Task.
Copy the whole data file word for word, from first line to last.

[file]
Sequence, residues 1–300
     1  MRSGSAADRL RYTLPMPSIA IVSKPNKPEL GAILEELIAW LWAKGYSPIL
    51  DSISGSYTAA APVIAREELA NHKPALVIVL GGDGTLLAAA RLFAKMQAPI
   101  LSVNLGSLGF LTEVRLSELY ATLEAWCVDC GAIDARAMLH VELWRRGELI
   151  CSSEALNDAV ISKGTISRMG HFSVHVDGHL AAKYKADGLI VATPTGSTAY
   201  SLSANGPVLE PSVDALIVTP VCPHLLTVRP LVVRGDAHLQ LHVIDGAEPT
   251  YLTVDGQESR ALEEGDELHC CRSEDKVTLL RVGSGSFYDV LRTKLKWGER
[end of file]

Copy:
Sequence, residues 1–300
     1  MRSGSAADRL RYTLPMPSIA IVSKPNKPEL GAILEELIAW LWAKGYSPIL
    51  DSISGSYTAA APVIAREELA NHKPALVIVL GGDGTLLAAA RLFAKMQAPI
   101  LSVNLGSLGF LTEVRLSELY ATLEAWCVDC GAIDARAMLH VELWRRGELI
   151  CSSEALNDAV ISKGTISRMG HFSVHVDGHL AAKYKADGLI VATPTGSTAY
   201  SLSANGPVLE PSVDALIVTP VCPHLLTVRP LVVRGDAHLQ LHVIDGAEPT
   251  YLTVDGQESR ALEEGDELHC CRSEDKVTLL RVGSGSFYDV LRTKLKWGER